Warith Al Maawali is unhappy about losing $60,000 to $70,000 worth of cryptocurrencies while storing it in a wallet that appeared to be safe. According to the Oman-based programmer, Coinomi wallet sent the passphrase of his account to a third-party server. This made his wallet vulnerable to attack and subsequently led to its hack.
Coinomi Wallet Sends Passphrase to Google API
In a report published by Warith Al Maawali, Coinomi’s wallet purportedly sent the 12 worded passphrase of his account to a spell checker on Google’s API. The phrase on being typed in the text box was sent to the API without the user’s knowledge. As a result, 90 percent of his funds (Bitcoin, Ethereum, Litecoin, and Bitcoin cash) which were held in the wallet was stolen.
While recounting on the event that led to the loss, Al Maawali said he had downloaded the app from the official Coinomi’s website on February 14. He had trusted the Genuity of the wallet because it was recommended by reputable websites. As such, the passphrase of the exodus wallet he had been using was inputted into it.
However, he noticed that after entering his passphrase, only the setup file of the app was signed, but the application itself was not digitally signed. He went ahead to contact Coinomi about the discovery, and the platform quietly replaced the app with a newer version. The latter version was signed both on the setup file and application.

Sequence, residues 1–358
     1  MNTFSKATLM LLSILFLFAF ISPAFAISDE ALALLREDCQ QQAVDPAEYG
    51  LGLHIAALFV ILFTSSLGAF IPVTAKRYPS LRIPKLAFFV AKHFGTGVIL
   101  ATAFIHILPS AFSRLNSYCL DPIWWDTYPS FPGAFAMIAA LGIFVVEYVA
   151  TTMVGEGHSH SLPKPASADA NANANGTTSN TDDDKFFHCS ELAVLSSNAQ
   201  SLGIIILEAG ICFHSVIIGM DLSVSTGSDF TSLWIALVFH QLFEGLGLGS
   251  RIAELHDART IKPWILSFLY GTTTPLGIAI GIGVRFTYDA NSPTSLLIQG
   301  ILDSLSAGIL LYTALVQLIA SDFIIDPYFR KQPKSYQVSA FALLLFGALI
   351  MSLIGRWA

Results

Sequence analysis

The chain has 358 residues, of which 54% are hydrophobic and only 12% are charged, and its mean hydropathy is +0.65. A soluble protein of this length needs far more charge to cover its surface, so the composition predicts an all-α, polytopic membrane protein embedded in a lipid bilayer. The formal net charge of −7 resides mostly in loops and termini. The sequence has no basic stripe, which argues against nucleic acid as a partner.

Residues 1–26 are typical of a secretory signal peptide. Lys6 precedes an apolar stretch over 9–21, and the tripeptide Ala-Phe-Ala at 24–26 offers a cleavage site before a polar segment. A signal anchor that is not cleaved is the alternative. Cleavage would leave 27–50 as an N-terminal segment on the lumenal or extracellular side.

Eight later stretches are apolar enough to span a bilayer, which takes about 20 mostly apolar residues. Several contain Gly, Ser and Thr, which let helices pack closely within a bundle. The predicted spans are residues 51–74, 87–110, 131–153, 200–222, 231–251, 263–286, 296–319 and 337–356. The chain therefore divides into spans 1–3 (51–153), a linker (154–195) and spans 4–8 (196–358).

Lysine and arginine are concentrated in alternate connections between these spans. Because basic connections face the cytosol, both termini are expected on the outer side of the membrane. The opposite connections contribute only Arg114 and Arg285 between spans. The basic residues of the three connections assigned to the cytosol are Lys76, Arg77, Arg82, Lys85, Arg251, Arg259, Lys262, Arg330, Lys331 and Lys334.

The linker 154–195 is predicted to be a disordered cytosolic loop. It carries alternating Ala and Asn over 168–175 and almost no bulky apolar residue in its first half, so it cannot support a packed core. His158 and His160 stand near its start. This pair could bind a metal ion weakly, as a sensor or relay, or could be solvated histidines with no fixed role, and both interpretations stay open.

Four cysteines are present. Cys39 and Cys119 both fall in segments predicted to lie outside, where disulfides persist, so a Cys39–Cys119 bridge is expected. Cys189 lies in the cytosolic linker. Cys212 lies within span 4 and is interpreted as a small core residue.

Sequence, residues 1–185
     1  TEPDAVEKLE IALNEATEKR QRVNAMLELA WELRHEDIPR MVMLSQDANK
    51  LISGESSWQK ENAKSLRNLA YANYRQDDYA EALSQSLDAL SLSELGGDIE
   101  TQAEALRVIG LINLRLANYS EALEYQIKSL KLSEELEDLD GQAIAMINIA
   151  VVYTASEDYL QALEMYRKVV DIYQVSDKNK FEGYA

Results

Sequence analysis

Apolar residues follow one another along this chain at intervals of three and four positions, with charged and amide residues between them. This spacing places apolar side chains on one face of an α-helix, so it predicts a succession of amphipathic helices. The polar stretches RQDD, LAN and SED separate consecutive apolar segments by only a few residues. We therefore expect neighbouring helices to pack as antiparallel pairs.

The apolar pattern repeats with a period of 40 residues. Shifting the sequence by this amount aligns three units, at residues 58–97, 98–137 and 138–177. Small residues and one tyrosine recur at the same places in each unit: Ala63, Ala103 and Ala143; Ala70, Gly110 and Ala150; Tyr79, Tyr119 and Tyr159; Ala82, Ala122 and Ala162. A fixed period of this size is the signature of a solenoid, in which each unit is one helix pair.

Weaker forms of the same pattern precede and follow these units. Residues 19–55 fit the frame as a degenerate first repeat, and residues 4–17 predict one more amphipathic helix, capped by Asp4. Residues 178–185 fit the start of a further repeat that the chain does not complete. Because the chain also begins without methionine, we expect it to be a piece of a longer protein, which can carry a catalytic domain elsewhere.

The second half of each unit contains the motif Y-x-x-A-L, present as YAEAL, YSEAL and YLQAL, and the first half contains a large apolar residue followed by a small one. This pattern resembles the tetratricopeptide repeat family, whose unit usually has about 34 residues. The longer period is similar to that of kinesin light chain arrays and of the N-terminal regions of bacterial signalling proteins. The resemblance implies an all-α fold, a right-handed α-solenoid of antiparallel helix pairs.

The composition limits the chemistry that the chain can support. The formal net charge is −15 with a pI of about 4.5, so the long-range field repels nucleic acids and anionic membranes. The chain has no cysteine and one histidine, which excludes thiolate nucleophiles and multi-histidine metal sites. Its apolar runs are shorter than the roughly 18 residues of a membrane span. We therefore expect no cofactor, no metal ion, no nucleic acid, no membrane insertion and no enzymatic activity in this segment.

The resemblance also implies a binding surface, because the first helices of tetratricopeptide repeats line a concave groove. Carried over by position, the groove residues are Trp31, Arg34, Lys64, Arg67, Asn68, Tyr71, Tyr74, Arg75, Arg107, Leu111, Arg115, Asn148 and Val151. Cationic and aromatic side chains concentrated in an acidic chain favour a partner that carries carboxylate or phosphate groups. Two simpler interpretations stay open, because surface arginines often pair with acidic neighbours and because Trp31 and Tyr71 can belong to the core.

Harm Has Already Been Done Despite Changes
Despite the changes that were made, it seems the harm had already been done. Al Maawali stated that days later, he discovered that his funds had been transferred to other wallets. Given that he knows when it comes to hardware manipulation, the programmer decided to make findings to ascertain how the hack may have occurred.
According to him, the only thing he recently did was to install the app. Besides, he recalls that there was an unsigned version which he believes had a backdoor. Al Maawali is also suspicious that the hack may have been carried out by an insider; someone who has access to the developer’s code.
In his own, own words:
Please note that this security issue cannot be exploited by anyone except by the people who created it or have control over the backend.
Coinomi Was Asked to Take Responsibility for the Loss
On the other hand, Al Maawali said he had only disclosed the details of the event after giving Coinomi over 24 hours to take responsibility for his losses. However, “they fixed the issue without notifying their users, and they kept procrastinating like scumbags to buy more time,” he said.
On February 27, a Reddit user also blamed Google for the loss of his EGEM cryptocurrency. The user claimed that his Google drive account was hacked and as such, the private keys which were stored in a text file were accessed. Nonetheless, there was no third party trace of logins into the account by a different IP, device, or location.